In an open letter to MassRetirees (the Retired State, County and Municipal Employees Association of Massachusetts), Congressman Richard Neal (D-MA), Chairman of the House Ways and Means Committee, announced his intention to file a “revised” bill in the summer of 2019 aimed at reforming the Social Security Windfall Elimination Provision (WEP).

Like all public employees in Massachusetts, MTRS members do not pay into Social Security, and, therefore, are subject to this provision. In addition to Massachusetts, there are 26 states that have public retirees and employees who could be subject to the WEP.

Before 1983, government workers whose primary jobs were not covered by Social Security, and who qualified for Social Security through other employment, had their Social Security benefits calculated as if they were long-term, low-wage earners. Because the Social Security benefit formula pays a greater percentage of earnings to low-wage earners, these government employees, who also received a full government pension, were perceived to have an unintended “windfall” in their Social Security benefit. In 1983, Congress passed the WEP to remove that perceived advantage and reduce benefits for the affected government workers.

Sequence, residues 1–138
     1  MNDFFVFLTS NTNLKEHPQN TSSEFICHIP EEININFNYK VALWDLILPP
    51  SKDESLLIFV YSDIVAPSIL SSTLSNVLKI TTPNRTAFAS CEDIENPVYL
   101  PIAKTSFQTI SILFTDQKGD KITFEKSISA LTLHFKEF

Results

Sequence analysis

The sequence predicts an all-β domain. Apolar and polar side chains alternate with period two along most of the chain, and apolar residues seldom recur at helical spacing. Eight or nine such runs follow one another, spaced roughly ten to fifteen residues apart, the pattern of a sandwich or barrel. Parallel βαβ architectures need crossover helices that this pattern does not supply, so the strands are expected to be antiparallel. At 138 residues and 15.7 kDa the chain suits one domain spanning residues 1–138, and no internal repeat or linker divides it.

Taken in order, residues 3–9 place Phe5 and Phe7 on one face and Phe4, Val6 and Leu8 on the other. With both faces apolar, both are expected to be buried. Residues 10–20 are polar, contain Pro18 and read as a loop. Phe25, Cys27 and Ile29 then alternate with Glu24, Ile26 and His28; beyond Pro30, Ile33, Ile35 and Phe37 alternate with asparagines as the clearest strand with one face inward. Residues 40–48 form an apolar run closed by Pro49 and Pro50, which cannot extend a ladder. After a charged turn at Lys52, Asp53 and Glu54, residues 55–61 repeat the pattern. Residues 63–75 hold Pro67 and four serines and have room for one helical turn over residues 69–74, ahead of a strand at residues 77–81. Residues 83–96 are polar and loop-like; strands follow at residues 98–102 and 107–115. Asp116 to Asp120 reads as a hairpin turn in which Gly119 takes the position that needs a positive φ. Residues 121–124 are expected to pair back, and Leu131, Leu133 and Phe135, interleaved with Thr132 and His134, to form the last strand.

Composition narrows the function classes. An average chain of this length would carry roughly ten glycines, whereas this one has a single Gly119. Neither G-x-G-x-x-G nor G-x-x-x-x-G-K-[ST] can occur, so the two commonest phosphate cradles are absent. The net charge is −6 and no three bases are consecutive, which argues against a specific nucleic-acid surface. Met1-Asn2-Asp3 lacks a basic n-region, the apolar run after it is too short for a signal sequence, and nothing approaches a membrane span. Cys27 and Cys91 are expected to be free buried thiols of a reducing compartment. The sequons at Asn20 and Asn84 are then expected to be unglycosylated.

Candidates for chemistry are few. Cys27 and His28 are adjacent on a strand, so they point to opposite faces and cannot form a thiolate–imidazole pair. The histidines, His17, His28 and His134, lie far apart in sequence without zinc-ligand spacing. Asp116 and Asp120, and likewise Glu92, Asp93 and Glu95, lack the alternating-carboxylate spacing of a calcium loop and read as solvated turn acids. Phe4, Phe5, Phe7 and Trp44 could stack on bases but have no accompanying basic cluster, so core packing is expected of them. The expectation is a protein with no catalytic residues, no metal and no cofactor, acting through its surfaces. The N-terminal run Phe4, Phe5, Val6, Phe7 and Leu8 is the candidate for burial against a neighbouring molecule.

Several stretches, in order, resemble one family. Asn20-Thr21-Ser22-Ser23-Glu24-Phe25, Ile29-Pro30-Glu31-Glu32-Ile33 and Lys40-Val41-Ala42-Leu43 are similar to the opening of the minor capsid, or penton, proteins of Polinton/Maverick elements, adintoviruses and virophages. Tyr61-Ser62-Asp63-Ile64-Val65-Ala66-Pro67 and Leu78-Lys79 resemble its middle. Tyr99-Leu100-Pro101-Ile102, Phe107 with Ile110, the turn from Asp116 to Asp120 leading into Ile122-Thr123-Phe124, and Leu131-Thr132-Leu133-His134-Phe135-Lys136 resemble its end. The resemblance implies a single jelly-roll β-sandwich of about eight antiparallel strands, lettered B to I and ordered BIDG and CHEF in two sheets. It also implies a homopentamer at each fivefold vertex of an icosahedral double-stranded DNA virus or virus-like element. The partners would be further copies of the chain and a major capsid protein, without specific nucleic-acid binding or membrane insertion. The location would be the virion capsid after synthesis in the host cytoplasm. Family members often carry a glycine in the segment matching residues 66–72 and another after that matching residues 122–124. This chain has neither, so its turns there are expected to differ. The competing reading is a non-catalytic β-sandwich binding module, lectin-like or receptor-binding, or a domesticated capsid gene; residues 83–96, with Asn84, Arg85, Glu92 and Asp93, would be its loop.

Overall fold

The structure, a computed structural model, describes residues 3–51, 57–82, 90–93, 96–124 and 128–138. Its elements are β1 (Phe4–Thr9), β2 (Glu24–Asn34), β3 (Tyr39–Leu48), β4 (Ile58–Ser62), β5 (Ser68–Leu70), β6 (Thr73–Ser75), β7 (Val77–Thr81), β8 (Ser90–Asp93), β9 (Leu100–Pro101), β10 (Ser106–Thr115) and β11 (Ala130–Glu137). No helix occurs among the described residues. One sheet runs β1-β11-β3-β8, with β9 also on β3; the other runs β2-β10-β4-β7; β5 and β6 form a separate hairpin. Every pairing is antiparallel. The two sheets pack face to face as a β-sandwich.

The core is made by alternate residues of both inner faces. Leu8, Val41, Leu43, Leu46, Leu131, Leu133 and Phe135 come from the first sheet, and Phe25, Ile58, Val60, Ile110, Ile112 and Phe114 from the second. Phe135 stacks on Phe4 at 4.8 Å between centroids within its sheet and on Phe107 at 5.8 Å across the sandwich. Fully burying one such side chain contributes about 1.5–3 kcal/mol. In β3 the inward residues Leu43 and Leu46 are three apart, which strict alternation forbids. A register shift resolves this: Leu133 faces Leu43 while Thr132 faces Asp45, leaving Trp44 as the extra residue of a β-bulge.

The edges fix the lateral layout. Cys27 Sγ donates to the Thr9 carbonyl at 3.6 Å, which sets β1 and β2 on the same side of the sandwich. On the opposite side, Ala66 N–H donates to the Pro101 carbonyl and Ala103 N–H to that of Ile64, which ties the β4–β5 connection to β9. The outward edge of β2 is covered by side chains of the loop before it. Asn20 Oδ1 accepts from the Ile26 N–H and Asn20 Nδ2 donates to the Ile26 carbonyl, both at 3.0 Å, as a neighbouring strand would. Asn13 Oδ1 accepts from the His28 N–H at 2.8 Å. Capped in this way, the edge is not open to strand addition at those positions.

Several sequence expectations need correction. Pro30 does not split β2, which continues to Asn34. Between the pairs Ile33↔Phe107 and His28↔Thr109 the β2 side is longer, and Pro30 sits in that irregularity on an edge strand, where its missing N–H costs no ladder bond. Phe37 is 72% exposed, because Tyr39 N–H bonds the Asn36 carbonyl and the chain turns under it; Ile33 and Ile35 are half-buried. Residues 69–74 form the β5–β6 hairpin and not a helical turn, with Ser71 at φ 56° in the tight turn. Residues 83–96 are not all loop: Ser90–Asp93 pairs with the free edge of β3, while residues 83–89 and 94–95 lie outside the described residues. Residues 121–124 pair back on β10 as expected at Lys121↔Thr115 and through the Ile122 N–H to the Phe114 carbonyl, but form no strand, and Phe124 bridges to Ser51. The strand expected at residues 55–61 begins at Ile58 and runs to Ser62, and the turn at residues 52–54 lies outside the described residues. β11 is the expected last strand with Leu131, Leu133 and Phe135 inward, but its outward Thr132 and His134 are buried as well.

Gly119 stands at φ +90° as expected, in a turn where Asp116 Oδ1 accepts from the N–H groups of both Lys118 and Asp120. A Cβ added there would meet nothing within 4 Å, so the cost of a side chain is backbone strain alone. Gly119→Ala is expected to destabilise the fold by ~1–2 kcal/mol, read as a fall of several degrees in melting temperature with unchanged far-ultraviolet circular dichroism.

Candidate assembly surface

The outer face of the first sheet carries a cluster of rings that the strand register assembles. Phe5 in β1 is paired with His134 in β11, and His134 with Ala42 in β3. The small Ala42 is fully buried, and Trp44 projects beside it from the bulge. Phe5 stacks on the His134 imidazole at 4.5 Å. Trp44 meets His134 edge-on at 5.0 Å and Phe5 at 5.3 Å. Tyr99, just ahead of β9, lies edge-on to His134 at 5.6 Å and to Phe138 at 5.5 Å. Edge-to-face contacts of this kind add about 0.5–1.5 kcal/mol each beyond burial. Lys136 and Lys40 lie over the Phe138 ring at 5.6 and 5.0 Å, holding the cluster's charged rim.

Since its passage, however, the WEP has received much derision for what is seen by many as an unfair penalty on public sector workers who qualify for Social Security benefits from other employment.

Prior efforts at WEP reform have seen some bi-partisan support in past legislative sessions, but as of yet, no proposals have made it out of committee. As with any piece of legislation, the new bill would need to be passed by both houses of Congress and signed into law by the President. The MTRS has supported prior reform efforts and we look forward to reviewing Congressman Neal’s revised bill.

To learn more about the two Social Security offsets and ongoing reform efforts, see MassRetirees’ WEP/GPO Explained. For more information on the WEP and your MTRS pension, see our FAQs.